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07/02/2022 20:46
Zhitro - Wikipedia
In Tibetan Buddhism and Bön, Zhitro (Standard Tibetan: ཞི་ཁྲོ) or Shitro zab-chos zhi khro
dgongs pa rang grol, also known as kar-gling zhi-khro[1] refers to a cycle of teachings revealed by
the terton Karma Lingpa and traditionally believed to have been written by Padmasambhava. The
practices involve a mandala of 100 peaceful (zhi) and wrathful (khro) tantric deities and associated
teachings and tantric practices which focus on those deities which represent the purified elements
of the body and mind. These hundred peaceful and wrathful deities are believed to manifest to a
deceased person following the dissolution of the body and consciousness whilst they are in the
intermediate state, or bardo, between death and rebirth. The Bardo Thodol, commonly known in
the West as "The Tibetan Book of the Dead", forms one section of Karma Lingpa's Zhitro cycle.[2]
The Zhitro teachings are closely related to the Guhyagarbha Tantra and are considered an Inner
Tantra. [3]
See also
External links
A prominent sadhana, or practice text, is part of a group of bardo teachings which are held in the
Nyingma tradition to have originated with Padmasambhava in the 8th century and were
rediscovered as terma, or 'treasure teachings' in the 14th Century by the tertön Karma Lingpa. The
Zhitro mandala teachings were found in the same terma collection as the Bardo Thodol, a text well
known in the West as The Tibetan Book of the Dead.
The Dzogchen practice of Zhitro involves viewing the body as a mandala of both peaceful and
wrathful deities, the inclusivity promoting awareness in the practitioner of the universality of
Buddha-nature. As a subtle body practice using yogic practices to manipulate the lung, or subtlewinds, of the body, this is a completion stage practice of the Inner Tantras. The Lion's Roar Tantric
Glossary[4] describes the Zhitro mandala practice:
Zhi-khro is a practice of Tibetan Buddhism involving visualizing the body as a
composite of the 100 peaceful and wrathful deities. In the practice, the deities are first
visualized in mandalas of 42 peaceful and 58 wrathful deities centered in the heart,
throat and crown chakra, and then in all the channels and nadis of the body.
Shugchang, et al. (2000) define and frame the Zhi-khro teachings in relation to the Inner Tantras,
Anuyoga, Atiyoga, Guhyagarbha tantra, rigpa, Śūnyatā, non-duality, kye-rim, dzog-rim and
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Zhitro - Wikipedia
The zhi-khro, which translates as the peaceful and wrathful deities, is considered part
of the inner tantra. It is actually a condensed teaching based upon the essential
meaning of the Guhyagarbha Tantra combined with the views expressed in the anu and
ati yoga teachings. Many great masters have said that the zhi-khro teachings are the
inner tantra of the inner tantra. In this case we're not making distinctions among the
various inner tantras, nor between the creation and completion stages, but joining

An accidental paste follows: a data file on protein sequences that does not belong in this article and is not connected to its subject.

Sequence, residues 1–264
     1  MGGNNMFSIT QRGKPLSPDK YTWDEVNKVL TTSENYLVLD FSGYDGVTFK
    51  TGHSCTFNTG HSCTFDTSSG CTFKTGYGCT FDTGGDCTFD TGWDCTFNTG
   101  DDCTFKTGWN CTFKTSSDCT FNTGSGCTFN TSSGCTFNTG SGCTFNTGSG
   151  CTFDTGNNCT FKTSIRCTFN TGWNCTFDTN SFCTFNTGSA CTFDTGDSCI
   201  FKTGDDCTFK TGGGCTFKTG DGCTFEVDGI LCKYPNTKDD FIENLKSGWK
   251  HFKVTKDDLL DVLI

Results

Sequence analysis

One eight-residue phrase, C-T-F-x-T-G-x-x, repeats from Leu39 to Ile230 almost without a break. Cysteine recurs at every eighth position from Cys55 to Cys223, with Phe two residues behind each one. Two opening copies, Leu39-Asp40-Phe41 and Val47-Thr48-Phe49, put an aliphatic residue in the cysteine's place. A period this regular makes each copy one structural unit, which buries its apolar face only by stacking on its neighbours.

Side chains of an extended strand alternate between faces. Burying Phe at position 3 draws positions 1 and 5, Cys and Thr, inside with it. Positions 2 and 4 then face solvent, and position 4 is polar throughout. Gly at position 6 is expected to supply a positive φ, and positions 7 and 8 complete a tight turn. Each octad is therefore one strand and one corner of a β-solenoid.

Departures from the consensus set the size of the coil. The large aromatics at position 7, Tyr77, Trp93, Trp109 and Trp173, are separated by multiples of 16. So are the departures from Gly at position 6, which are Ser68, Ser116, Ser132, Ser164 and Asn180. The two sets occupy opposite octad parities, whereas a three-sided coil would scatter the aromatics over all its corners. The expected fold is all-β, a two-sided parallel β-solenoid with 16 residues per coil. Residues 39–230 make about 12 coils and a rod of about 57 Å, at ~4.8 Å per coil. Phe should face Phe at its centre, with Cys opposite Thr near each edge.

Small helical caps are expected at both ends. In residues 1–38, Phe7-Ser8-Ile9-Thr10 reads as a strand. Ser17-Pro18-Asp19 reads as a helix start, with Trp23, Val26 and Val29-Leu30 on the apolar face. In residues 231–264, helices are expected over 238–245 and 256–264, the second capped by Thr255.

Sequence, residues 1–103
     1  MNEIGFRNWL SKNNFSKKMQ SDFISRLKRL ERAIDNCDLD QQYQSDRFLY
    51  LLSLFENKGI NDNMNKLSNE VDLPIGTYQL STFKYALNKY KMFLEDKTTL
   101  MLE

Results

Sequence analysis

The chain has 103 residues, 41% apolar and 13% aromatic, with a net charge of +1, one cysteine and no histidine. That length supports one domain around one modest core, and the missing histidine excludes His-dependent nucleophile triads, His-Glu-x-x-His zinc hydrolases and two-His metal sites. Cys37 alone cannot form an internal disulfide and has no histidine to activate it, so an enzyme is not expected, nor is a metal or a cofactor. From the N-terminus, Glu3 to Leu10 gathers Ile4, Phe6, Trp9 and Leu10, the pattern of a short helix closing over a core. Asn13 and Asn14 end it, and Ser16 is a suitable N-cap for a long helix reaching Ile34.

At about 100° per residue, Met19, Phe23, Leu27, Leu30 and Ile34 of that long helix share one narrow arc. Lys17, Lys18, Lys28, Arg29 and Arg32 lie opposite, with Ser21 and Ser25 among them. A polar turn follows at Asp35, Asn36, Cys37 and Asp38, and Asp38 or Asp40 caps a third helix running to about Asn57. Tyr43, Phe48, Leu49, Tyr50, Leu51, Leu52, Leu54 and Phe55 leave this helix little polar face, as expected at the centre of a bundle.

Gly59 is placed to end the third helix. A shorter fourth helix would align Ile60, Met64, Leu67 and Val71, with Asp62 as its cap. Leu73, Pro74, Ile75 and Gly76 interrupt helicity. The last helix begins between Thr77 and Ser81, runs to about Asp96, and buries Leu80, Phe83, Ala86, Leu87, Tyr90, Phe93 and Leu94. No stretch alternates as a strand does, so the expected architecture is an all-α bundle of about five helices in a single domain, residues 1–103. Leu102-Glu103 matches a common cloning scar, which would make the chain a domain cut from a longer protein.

them all together. This is the union of rigpa and emptiness, the oneness of birth, death,
and life experiences. There is no basis for discriminating because all are aspects of one
true nature. Nothing is rejected or exclusively accepted. This teaching is known as the
one that unifies everything into a single state.[5]
Janet Gyatso (2006) relates how Zhitro was received by Yeshe Tsogyal through the wang of a
She... is robbed by seven bandits whom she then converts to Buddhist practice. She
proceeds with the bandits on a magic carpet to the place Oḍḍiyāna where they all
receive peaceful and wrathful deity practice (zhitro) initiations from a vidyādhara, who
gives her the secret name Kharchen Za and cavorts in bliss with her.[6]
See also
Bardo Thodol
Guhyagarbha Tantra
Six realms
Reality in Buddhism
Tantra techniques (Vajrayana)
1. Norbu, Namkhai (1989), "Foreword", in Reynolds, John Myrdin (ed.), Self-liberation through
seeing with naked awareness, Station Hill Press, Inc., p. ix
2. Padmasambhava; Karma Lingpa; Gyurma Dorje (2005). Jinpa, Thupten; Coleman, Graham
(eds.). The Tibetan Book of the Dead: First Complete English Translation,. His Holiness the
Dalai Lama (introduction). London and New York: Viking, Penguin Classics.
ISBN 9780713994148. OCLC 60794350 (
3. "Shitro (Bardo) Practice" (
rg/Shitro_(Bardo)_Practice.htm). 12 February 2008. Archived from the original
( on 12 February 2008. Retrieved
4 March 2021.
4. Lion's Roar Tantric Glossary (
5. Shugchang, Padma (editor); Sherab, Khenchen Palden & Dongyal, Khenpo Tse Wang (2000).
A Modern Commentary on Karma Lingpa's Zhi-Khro: teachings on the peaceful and wrathful
deities. Padma Gochen Ling. Source: Zhikhro (
(accessed: December 27, 2007)
6. Gyatso, Janet (2006). A Partial Genealogy of the Lifestory of Yeshé Tsogyel. Harvard
University. JIATS, no. 2 (August 2006), THDL #T2719, 27 pp. Source: A Partial Genealogy of
the Lifestory of Yeshé Tsogyel (
02gyatsoj.xml&v=p) (accessed: November 16, 2007)
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Zhitro - Wikipedia
External links
Shitro 100 Deity Practice: Prayers for the Dying and Understanding the Bardo (https://web.arc
The True Foundation of Practice: By Tulku Urgyen Rinpoche (
Significant detail and listing of the Hundred_peaceful_and_wrathful_deities with their Wylie
transcription (
The death ritual as guidance through the Bardo. "Secret Doctrienes of the tibetan book of the
dead", Detlef Ingo Lauf, Shambala 1977 (
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